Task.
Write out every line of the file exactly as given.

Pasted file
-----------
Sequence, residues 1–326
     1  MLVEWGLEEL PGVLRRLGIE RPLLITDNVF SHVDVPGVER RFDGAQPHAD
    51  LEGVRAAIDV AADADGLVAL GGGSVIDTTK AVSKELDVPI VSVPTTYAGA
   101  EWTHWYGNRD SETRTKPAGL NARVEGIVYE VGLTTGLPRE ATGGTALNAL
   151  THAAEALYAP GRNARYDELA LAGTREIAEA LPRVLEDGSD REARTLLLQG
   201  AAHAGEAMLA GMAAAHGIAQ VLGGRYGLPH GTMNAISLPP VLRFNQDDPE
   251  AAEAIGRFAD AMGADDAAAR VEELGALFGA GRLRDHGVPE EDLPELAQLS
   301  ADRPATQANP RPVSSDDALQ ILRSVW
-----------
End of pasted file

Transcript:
Sequence, residues 1–326
     1  MLVEWGLEEL PGVLRRLGIE RPLLITDNVF SHVDVPGVER RFDGAQPHAD
    51  LEGVRAAIDV AADADGLVAL GGGSVIDTTK AVSKELDVPI VSVPTTYAGA
   101  EWTHWYGNRD SETRTKPAGL NARVEGIVYE VGLTTGLPRE ATGGTALNAL
   151  THAAEALYAP GRNARYDELA LAGTREIAEA LPRVLEDGSD REARTLLLQG
   201  AAHAGEAMLA GMAAAHGIAQ VLGGRYGLPH GTMNAISLPP VLRFNQDDPE
   251  AAEAIGRFAD AMGADDAAAR VEELGALFGA GRLRDHGVPE EDLPELAQLS
   301  ADRPATQANP RPVSSDDALQ ILRSVW